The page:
Rice has also voiced concern that an embargo would be ineffective because South Sudan’s neighbors, including its military ally Uganda, would not enforce it even if one were imposed. But Rice and other senior U.S. officials have since given their blessing to a U.S. push for an arms embargo, reflecting mounting concern that South Sudanese President Salva Kiir has largely abandoned the peace process and plans to resolve the country’s political standoff through a return to war.
South Sudan descended into civil war in December 2013, when forces loyal to Kiir, an ethnic Dinka, opened fire on followers of his former vice president, Riek Machar, an ethnic Nuer. The violence inside Juba targeted Nuer civilians for slaughter, prompting Machar to organize armed resistance to Kiir’s rule. That launched a civil war that evolved from a political struggle for power into an ethnic conflict pitting the majority Dinka against the nation’s other tribes.
No country played a larger role in the creation of South Sudan than the United States. As revealed by former 4-star General Wesley Clark in the video on the right, Sudan was one of the “7 countries in 5 years” to be toppled under George W. Bush‘s presidency, carrying out the foreign policy goals of Dick Cheney, Halliburton, and hawkish neo-conservatives in the Project For the New American Century (PNAC).
It was President George W. Bush’s appointment of former Senator John Danford as Special Envoy for Sudan in 2004 and Danford’s diplomatic efforts that helped bring about the Comprehensive Peace Agreement (CPA) that finally ended the war between the north and south of Sudan that had raged on for nearly two decades. The U.S. continued in its commitment to supervise in implementing the CPA under President Barack Obama, the culmination of which was South Sudan’s gaining, peacefully, its independence in 2011. The new nation was one of Hillary Clinton‘s signature projects as Secretary of State. Last August, President Obama managed to pressure the Kiir and Machar to sign a ceasefire agreement, though it wouldn’t take long to be violated and abandoned by both sides, plunging the country back into violence and chaos.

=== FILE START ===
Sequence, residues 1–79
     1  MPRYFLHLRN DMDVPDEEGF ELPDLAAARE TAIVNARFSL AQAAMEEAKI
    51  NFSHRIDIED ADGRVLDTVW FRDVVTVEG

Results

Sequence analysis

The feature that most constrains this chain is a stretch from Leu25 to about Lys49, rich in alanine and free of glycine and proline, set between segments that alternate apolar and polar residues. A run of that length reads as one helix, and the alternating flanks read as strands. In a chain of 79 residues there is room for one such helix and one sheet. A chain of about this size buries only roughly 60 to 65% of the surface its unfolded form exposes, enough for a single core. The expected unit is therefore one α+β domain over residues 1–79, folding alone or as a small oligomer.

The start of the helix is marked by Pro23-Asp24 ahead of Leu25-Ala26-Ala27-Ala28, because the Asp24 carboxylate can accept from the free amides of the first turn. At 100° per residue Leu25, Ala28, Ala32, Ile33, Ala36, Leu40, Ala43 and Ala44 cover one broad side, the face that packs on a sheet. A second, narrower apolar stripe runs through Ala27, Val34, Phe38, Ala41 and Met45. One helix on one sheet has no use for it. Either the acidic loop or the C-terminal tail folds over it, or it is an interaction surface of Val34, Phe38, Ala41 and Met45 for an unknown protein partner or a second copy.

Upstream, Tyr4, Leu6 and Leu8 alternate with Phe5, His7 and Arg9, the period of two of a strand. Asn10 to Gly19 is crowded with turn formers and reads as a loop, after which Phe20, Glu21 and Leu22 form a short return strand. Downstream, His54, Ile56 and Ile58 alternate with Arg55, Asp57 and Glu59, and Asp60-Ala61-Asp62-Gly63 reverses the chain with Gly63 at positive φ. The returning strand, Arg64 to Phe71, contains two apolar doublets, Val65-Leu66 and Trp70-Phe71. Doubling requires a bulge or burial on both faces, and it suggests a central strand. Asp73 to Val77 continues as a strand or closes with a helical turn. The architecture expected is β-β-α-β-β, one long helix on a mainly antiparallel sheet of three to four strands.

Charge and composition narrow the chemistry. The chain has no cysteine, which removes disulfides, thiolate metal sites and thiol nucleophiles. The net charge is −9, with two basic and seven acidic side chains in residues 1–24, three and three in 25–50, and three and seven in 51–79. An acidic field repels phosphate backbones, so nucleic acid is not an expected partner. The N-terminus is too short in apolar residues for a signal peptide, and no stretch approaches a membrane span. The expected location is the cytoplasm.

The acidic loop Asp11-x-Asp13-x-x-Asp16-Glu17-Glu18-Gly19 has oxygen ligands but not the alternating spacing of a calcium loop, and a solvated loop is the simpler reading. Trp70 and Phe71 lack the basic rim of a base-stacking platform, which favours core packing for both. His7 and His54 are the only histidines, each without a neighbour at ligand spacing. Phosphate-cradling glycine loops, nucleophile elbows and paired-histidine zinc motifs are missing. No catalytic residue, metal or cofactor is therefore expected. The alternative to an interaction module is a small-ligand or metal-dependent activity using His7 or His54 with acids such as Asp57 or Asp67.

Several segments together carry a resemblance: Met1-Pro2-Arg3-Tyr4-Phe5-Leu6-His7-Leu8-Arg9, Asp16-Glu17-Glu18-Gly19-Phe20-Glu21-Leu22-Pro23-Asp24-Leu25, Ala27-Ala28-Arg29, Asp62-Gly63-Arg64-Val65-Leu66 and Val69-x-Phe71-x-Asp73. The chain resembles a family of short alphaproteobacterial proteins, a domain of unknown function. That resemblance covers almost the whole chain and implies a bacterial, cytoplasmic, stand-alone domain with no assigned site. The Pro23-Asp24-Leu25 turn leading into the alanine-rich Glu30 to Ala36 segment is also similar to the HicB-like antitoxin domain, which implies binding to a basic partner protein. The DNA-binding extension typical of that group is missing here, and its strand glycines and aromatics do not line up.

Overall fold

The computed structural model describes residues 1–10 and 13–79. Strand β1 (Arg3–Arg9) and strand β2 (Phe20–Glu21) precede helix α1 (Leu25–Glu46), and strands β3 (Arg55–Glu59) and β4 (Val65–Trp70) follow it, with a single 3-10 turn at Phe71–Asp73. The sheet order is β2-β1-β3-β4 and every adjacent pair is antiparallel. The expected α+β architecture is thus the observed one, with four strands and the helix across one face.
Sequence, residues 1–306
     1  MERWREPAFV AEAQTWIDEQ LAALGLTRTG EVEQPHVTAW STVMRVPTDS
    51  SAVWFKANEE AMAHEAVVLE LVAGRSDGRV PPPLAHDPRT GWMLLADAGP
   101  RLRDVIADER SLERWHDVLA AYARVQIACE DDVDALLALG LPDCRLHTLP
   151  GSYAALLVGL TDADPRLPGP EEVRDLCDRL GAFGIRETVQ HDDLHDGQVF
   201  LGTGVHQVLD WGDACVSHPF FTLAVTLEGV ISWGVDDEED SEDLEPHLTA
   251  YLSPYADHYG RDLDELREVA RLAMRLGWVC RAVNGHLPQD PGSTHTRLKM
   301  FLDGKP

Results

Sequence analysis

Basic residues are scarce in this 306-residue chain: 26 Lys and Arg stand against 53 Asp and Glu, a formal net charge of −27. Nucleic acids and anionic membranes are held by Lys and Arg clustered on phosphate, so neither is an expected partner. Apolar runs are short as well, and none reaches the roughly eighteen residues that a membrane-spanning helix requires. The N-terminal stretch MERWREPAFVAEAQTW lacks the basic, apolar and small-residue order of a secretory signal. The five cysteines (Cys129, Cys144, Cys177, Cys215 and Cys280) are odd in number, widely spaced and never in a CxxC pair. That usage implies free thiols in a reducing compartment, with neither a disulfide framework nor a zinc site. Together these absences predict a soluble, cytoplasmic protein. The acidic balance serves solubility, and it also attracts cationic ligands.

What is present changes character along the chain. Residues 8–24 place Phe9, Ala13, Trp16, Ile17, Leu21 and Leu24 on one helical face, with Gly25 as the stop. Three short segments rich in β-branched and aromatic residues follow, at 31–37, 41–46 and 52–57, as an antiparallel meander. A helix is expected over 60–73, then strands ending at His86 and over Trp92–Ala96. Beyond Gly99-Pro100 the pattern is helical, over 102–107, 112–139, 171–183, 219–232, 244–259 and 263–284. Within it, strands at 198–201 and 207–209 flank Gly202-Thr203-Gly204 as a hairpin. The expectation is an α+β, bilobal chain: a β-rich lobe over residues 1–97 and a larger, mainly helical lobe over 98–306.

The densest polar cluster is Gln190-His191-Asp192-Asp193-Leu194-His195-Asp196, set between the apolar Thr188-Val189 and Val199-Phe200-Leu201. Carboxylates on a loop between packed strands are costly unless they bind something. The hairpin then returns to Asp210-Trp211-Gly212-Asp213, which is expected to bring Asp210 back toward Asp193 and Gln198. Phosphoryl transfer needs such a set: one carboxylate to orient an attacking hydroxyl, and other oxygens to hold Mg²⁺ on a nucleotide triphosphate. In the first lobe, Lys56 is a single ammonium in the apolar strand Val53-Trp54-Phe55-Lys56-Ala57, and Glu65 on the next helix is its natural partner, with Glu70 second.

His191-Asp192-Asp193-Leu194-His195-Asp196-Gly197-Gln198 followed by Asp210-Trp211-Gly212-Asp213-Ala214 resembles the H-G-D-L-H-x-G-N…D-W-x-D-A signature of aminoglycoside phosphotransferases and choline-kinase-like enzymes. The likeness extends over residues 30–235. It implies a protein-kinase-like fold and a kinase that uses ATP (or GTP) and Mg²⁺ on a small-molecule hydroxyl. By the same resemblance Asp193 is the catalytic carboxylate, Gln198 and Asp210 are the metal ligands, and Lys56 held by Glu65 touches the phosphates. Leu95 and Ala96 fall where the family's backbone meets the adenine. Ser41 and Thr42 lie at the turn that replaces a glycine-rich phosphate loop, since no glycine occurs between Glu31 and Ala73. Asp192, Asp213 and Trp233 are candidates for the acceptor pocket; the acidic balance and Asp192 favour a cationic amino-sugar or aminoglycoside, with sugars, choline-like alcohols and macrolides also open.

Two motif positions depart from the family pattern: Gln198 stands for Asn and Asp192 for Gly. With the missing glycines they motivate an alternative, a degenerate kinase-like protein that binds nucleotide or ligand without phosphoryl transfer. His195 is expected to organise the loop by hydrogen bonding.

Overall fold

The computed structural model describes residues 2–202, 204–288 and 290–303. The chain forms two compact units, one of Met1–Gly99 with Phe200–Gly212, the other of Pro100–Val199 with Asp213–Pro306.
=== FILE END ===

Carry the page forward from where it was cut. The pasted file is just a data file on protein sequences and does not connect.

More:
Obama has made 3 successive and rather dismal appointments to the Special Envoy for Sudan and South Sudan position, the first being retired Air Force Major-General Scott Gration, who was woefully unqualified for the role. He had no knowledge of Sudan, no diplomatic experience, and did not speak Arabic or possess any other relevant language skills.
By the time Ambassador Gration was actually in office, he demonstrated extraordinary and dangerous ignorance on Darfur issues. He quickly sided with the regime on the question of early returns of displaced persons, without any understanding of the danger facing people forced to leave the relative security that the camps afforded. For that ignorance he was taken sharply to task by a humanitarian Inter-Agency Management Group (IAMG) in summer 2009.
Undeterred by the evidence of his ignorance, Gration went on to display his thoughts on diplomacy with the Khartoum regime in September 2009:
“We’ve got to think about giving out cookies. Kids, countries — they react to gold stars, smiley faces, handshakes, agreements, talk, engagement.” (September 28, 2009)
These words certainly encouraged Khartoum immensely in its continued ethnically-targeted campaign of destruction in Darfur, and set the stage for the events of late 2010 and early 2011 in the run-up to the Southern self-determination referendum. On Abyei in particular — joined by then-Secretary of State Hillary Clinton and current Secretary of State John Kerry — Gration urged the government in Juba to “compromise” further on the boundaries of Abyei, despite the existence of a final and binding ruling on Abyei from the Permanent Court of Arbitration — binding arbitration that Khartoum had agreed to in July 2009.
This ruling was favorable to Khartoum and significantly reduced the area of Abyei entitled to participate in what was to have been a January 9, 2011 self-determination referendum, which would have seen an overwhelming vote to join South Sudan. But encouraged by Gration and others in the Obama administration, Khartoum had by the time of the referendum resolved to seize all of Abyei militarily, which it did — after substantial and clearly visible military preparation — on May 20, 2011.